After conquering the food scene in Catalonia and Andorra, chef Nandu Jubany (a Michelin star and three Repsol suns at his eponymous restaurant) arrived in Formentera. That was seven years ago. Today, he has more than 100 employees working at his restaurants around the island. And the Catalan chef is so passionate about the smallest Pityusic Island that he’s just announced a new project for the upcoming season in Formentera. There’s no stopping Nandu Jubany.
How many projects do you have on the go right now?
Quite a few at the moment (laughs). The latest news I can share is that, unfortunately, this year we’re closing Pecador. We’ve bought Can Dani in Formentera and are going to open a place that specialises in barbecuing, where we’ll cook meat, fish, vegetables from our kitchen garden... It’ll be a concept between Can Jubany and Pur but in Formentera. We’re planning to open it next year. We have to learn from each moment. I have a restaurant type and I want to be there; I want to be everywhere. If I can’t control it, I’m not happy. Life isn’t about taking the ferry, being split between Formentera, Ibiza, Barcelona, Vic, Andorra, weddings... And that’s the decision we made. It wasn’t easy because we were really happy in Santa Eulalia, but next year we’ll have five restaurants in Formentera and I think it’ll be more under control.
What’s your secret for being in so many different places at the same time?
I don’t have a secret. I get up very early and go to bed very late. I don’t stop. But that’s why we’re moving on from Pecador. Because I can’t be everywhere. I’m lucky to have an incredible team by my side. My most important asset is my team: the people around me, in communications, all my head chefs, my wife, child... I’m just the visible face and while it’s true that I control everything, they're the ones who make it all a success.
What do all your restaurants have in common with one other?
At all of them our aim is to ensure that customers come here and find what they were expecting. I always have great respect for the customer. What matters most to me is that every customer leaves the restaurant with their expectations met. At all my restaurants we work to make the customer the star and to see them leave happy.
At all my restaurants we work to make the customer the star and to see them leave happy
How has your life changed since you came to Formentera?
I arrived in Formentera seven years ago. In the beginning, with Can Carlitos, I came every fortnight because I had one restaurant... But two years ago, we opened Es Còdol Foradat, last year Aigua Aire... Now we have more than 100 people working on the island. In the end, this has become a big project and I have to be here. I’m really lucky to have been able to make a place for myself on the island. I’ve found a little house, I’m feeling great, and I’m really happy in Formentera.
I’m really lucky to have been able to make a place for myself on the island. I’ve found a little house, I’m feeling great, and I’m really happy in Formentera
Do you have a ‘favourite child’ among your restaurants in Formentera?
It’s well worth visiting them all. They're all my babies. We’ve consolidated a really good team at Es Còdol Foradat. At Can Carlitos this year we’re going to change things around and it’s going to be a bit like Pecador, more outrageous... I like Aire a lot: it’s a Japanese grill house and we do fantastic brochettes there. It’s totally unrelated to my cooking and I like it for that reason, because it’s different. Breakfast at Aigua is also a blast. I like them all.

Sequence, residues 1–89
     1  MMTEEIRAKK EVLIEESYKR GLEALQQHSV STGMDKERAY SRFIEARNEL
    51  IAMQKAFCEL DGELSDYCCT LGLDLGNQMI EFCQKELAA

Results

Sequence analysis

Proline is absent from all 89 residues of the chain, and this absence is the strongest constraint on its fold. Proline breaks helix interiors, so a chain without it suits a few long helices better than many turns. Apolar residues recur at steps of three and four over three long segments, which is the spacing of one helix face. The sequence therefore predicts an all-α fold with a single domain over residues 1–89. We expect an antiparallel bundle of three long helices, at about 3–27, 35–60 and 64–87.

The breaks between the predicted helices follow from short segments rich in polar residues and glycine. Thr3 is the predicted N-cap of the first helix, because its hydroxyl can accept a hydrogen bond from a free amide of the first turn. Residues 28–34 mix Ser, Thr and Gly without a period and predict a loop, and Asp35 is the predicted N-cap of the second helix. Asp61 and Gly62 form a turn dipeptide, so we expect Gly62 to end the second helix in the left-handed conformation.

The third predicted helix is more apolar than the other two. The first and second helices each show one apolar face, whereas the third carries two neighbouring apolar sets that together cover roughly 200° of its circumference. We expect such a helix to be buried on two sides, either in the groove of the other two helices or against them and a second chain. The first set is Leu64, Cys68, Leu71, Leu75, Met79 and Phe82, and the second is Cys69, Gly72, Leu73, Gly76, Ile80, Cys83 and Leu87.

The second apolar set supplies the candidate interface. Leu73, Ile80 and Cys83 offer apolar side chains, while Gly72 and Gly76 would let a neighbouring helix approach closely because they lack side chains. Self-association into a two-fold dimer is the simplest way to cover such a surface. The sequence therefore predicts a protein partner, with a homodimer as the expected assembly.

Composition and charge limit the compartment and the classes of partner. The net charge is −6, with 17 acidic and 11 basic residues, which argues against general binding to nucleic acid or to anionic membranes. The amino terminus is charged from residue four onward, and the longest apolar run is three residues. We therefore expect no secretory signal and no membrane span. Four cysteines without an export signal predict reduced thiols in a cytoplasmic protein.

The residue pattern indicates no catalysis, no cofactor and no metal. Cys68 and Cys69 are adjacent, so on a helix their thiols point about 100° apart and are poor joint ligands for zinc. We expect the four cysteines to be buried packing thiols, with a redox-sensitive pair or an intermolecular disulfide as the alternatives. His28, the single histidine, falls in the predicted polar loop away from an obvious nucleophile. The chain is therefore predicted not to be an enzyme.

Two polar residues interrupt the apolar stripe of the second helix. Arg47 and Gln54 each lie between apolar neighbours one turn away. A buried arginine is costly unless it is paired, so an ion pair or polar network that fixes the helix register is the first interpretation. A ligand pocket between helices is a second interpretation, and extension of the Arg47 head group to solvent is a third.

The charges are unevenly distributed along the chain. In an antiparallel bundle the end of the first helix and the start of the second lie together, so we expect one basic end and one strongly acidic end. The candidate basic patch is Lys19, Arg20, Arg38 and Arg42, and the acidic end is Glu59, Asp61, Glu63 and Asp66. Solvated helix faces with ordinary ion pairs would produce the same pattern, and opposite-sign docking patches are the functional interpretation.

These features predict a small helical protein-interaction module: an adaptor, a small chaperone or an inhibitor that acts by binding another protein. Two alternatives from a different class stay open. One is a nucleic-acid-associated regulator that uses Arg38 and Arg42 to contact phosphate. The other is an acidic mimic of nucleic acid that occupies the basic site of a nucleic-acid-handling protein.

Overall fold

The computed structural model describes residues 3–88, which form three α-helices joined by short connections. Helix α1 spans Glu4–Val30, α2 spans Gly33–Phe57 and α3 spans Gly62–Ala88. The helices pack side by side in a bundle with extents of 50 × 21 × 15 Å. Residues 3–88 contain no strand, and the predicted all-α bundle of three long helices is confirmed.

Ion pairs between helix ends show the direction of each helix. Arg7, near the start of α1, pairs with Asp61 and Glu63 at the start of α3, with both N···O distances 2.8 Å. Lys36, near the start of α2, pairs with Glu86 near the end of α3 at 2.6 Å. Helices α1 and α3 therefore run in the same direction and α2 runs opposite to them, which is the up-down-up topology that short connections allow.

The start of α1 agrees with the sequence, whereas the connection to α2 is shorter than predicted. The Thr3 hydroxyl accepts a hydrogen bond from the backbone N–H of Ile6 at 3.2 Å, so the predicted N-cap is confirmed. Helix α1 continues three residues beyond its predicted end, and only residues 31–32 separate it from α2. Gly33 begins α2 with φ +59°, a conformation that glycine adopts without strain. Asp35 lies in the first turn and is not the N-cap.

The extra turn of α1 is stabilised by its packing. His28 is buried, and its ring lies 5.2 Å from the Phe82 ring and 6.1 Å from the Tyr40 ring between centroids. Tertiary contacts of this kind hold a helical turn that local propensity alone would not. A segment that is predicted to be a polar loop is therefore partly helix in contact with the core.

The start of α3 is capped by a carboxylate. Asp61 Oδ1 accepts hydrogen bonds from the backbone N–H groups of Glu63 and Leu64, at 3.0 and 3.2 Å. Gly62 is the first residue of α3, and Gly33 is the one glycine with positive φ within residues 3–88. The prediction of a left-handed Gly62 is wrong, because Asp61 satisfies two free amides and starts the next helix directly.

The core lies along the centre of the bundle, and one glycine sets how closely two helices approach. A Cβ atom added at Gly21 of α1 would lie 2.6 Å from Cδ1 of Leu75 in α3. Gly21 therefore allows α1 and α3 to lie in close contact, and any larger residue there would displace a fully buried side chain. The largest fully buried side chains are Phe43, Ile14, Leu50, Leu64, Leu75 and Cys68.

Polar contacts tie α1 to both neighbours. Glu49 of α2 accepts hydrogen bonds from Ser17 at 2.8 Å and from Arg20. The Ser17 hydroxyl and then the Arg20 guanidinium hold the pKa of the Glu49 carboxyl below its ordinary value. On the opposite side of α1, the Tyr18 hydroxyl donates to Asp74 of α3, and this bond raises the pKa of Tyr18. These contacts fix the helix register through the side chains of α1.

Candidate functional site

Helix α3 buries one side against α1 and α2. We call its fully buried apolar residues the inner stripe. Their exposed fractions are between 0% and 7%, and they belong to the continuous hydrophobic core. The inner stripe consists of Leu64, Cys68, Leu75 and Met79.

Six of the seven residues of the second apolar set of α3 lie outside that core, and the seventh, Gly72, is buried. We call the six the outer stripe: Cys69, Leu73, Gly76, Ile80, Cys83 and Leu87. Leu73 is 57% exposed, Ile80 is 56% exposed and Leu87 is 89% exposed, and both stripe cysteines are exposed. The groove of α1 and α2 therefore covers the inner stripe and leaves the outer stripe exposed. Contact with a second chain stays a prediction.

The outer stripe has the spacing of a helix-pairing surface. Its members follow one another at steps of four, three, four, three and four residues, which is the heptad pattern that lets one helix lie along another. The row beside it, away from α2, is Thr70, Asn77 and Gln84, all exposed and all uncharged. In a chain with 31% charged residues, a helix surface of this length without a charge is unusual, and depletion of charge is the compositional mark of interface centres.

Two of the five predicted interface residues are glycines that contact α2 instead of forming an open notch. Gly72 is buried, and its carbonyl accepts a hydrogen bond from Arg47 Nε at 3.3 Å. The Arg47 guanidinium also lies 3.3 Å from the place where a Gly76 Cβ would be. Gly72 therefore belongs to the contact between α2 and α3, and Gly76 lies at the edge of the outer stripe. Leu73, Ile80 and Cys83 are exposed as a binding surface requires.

What has your reception in Formentera been like?
To be honest, I feel great on the island. Formentera is ultimately a big village. Like me, I’m a big village. Ibiza was too big for me though. But I love Formentera, because I’m from a village. Only a few people stay on the island in winter and I feel really at home. I think that, even though I’m an outsider, I’ve been warmly welcomed and I feel really comfortable. I try to respect people from the island, and the island itself, so I don’t lose my focus... Between all of us, we have to try to make sure that Formentera doesn’t lose its magic, and that’s something I keep a close eye on.
Between all of us, we have to try to make sure that Formentera doesn’t lose its magic
What are the challenges of having restaurants on an island like Formentera?
The biggest problem I face is produce. You have to adapt to the produce and not the other way round. In Barcelona, we’re used to ordering something and by 7 am the following morning you’ve got it in your cold storage. That’s really difficult in Formentera. But, in the end, you adapt and create menus in your restaurants that don’t drive you crazy, with things you can find on the island. You have to adapt to the island and not the island to you.
What do you think about the food revolution that has been happening in Ibiza and Formentera in recent years?
Formentera is a destination where people come to eat well. Lots of people come and want to eat in the same places as always, which is great. But sometimes a family or group of friends comes for a week or ten days and they want variety. It’s really great that in Formentera we aren’t all doing the same thing now. There’s been a big change in Formentera in recent years. Especially in the sense that there are more restaurants, customers can choose, and that ultimately enriches the island.